Watching the stars by stopwatching photons

Symbolic picture for the article. The link opens the image in a large view.
Stefan Richter, Sebastian Karl, and Verena Leopold

Imagine you have an exciting new research question in mind, but there is no fitting equipment to build the setup. So why not build it yourself? This question arose to a group of young scientists from FAU Erlangen-Nürnberg. Their goal: measuring the diameter of stars.

The first real image of a black hole, published in April 2019, caused quite a stir. A huge team of scientists used the Event Horizon Telescope – an interconnection of multiple radio telescopes spread all over the world – to get this impressive depiction. This method enabled the incredibly high resolution that was necessary to resolve the black hole. But many people may not know that this image is not an ordinary photograph created by visible light. Instead, what we see is the result of difficult calculations based on the detection of electromagnetic microwave radiation. Located at a wavelength of 1.3 millimeters, this radiation is far away from the visible spectrum at several hundred nanometers.

Still, also for visible light, one can use multiple spatially separated detectors to increase the maximum resolution of an astronomic image. In common setups, however, this so-called amplitude interferometry needs highly precise calibration of the optical components and path lengths. The mirrors and lenses have to be built and set up with an accuracy compared to as if you would measure the distance from Erlangen to the North Sea with a precision down to the thickness of a human hair. This is very expensive and complicated.

The Bamberg observatory equipped with a single-photon detector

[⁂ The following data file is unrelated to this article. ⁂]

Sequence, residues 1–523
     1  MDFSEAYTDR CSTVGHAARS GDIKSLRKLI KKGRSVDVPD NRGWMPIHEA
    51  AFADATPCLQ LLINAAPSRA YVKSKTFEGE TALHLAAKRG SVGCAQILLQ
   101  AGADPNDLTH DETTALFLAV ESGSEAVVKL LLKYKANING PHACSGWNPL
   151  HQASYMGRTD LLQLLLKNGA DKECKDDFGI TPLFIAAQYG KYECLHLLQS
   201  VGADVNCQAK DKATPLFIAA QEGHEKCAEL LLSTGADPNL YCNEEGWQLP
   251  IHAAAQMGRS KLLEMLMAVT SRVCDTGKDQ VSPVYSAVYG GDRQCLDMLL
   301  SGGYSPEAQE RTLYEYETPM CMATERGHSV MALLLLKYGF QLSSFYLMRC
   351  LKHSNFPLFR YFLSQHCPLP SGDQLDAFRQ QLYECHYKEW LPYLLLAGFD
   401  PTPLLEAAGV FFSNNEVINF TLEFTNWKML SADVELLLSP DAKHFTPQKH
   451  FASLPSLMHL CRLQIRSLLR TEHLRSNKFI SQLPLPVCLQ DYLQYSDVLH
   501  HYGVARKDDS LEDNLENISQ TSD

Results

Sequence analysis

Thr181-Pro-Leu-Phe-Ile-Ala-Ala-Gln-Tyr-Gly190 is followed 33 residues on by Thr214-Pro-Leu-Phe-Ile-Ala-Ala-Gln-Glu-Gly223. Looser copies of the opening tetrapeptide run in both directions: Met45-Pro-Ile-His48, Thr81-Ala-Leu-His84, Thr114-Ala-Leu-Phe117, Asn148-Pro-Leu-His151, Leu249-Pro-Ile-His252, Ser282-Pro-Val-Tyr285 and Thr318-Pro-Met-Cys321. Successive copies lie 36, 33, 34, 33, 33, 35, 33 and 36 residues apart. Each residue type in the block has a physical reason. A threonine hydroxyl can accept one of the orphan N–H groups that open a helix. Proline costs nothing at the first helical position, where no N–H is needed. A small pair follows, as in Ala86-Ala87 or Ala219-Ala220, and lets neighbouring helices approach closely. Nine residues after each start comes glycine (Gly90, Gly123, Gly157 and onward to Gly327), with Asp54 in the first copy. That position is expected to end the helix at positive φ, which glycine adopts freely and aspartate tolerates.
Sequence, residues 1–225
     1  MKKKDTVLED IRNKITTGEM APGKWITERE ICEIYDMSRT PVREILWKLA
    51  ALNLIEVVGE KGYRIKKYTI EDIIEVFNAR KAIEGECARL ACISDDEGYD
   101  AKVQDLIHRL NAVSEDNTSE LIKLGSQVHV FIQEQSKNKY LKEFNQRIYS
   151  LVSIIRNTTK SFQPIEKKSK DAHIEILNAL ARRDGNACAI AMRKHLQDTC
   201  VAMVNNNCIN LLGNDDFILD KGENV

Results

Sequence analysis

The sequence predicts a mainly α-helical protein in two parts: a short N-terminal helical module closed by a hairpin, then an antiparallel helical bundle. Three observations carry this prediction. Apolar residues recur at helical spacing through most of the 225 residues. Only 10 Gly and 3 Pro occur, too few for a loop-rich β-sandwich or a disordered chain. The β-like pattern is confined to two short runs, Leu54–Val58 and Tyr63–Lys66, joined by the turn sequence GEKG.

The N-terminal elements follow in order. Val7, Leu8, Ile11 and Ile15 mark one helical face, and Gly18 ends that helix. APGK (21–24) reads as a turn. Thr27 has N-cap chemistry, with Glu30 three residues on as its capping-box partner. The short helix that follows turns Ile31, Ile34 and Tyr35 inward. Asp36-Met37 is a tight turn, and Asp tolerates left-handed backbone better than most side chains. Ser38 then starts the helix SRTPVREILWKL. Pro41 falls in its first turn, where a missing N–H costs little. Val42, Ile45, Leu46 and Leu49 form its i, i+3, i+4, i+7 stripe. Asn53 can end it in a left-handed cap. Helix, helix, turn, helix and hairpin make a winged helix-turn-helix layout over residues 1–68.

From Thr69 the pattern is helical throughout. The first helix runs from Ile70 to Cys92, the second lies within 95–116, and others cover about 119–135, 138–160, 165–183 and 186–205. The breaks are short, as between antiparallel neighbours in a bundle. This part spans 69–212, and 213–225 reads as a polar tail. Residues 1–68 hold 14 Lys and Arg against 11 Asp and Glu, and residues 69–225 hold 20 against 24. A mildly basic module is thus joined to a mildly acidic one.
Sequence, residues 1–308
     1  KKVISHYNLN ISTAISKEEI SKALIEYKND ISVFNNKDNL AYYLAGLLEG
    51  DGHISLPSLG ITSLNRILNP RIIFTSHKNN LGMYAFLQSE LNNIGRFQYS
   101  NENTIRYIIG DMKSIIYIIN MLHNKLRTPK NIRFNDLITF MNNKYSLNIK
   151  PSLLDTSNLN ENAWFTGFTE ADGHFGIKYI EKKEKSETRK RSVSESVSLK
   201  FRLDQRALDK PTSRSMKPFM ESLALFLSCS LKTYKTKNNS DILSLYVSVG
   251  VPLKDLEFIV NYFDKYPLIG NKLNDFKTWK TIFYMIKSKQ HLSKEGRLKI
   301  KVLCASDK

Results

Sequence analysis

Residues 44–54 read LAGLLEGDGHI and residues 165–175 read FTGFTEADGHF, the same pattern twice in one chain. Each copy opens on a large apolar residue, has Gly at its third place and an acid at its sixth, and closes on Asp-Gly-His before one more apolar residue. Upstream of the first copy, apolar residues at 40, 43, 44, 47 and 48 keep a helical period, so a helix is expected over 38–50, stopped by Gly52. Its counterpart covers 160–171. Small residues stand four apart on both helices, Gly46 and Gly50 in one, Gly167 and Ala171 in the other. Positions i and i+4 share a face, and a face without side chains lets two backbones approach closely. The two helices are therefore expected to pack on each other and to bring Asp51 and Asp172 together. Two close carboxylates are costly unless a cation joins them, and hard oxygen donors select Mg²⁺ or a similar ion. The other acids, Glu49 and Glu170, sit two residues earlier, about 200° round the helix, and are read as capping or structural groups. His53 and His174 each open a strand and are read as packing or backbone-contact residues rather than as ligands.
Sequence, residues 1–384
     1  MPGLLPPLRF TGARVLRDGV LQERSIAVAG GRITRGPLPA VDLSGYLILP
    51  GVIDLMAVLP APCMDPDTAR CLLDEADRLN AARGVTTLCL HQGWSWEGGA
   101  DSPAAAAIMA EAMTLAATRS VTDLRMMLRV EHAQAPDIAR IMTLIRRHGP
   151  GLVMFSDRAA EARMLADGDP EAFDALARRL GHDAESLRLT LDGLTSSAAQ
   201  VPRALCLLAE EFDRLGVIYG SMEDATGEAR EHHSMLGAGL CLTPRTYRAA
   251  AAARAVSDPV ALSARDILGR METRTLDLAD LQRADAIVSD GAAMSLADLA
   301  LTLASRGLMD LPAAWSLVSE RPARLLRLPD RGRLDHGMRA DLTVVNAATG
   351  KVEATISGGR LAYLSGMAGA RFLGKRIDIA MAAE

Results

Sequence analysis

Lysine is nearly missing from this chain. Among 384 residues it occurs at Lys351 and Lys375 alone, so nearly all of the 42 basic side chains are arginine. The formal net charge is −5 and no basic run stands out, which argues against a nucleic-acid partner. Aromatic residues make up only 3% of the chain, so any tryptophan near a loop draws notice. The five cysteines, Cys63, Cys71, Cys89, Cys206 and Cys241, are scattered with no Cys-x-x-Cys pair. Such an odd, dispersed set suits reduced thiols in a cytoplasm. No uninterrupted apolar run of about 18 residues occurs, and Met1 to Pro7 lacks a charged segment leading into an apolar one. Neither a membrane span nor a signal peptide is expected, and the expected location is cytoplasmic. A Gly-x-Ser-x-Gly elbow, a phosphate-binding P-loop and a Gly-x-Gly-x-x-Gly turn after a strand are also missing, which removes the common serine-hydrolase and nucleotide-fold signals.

So, Stefan Richter, Verena Leopold and Sebastian Karl from the Quantum Optics & Quantum Information Group of Prof. Dr. Joachim von Zanthier at FAU Erlangen-Nürnberg chose a different approach: counting single light particles, so-called photons, and comparing their time of arrival. The original idea, namely intensity interferometry, was proposed and introduced more than 70 years ago by Hanbury Brown and Twiss. In detail, they set up spatially separated detectors and measured the differences in arrival times of incoming photons. Via this huge amount of data – millions of photons per detector per second – it is possible to calculate the shape of the light-emitting object e.g. a far-off star, but without the need of the high optical precision of amplitude interferometry. “But after the first experiments at the Bamberg observatory in 2020 and with regard to larger telescopes, we quickly noticed that the available hardware is just not capable to record and process the expected throughput of photons.”, Sebastian Karl states. They decided to team up with Photonscore GmbH – a single photon counting start-up from Magdeburg – to develop their own hardware, fulfilling the needed requirements for more advanced measurement campaigns.

A single photon detector as used by the group

Today, three years have passed and the self-developed time-tagger is fully functional (see here). “It is basically a super precise stopwatch able to determine the arrival times of up to 50 million photons per second at up to eight detectors simultaneously.”, as Stefan Richter explains. “The time resolution is in the range of less than 10 picoseconds, which is incredibly short.”, Verena Leopold adds. To get an impression: One picosecond compared to a second is the same as one second compared to 30 000 years. Regarding time spans, there is also a drawback of the new technique: compared to amplitude interferometry, a measurement takes more time. “That’s for example three nights instead of one. Still, we see a lot of potential for this technique, as it is not depending on ultra-precise optics and telescopes as amplitude interferometry does. Instead, it can be carried out by cheap light-bucket telescopes. Also larger distances between the detectors are possible with the electronic synchronization instead of the optical path length compensation of amplitude interferometry”, Stefan Richter concludes. In the end, LINTag is not limited to the very large scales of astronomy, as precise time tagging of photons also plays a major role on the tiny scales of quantum optics, quantum information processing like quantum key distribution, microscopy and in material characterization.

The LINtag time-tagger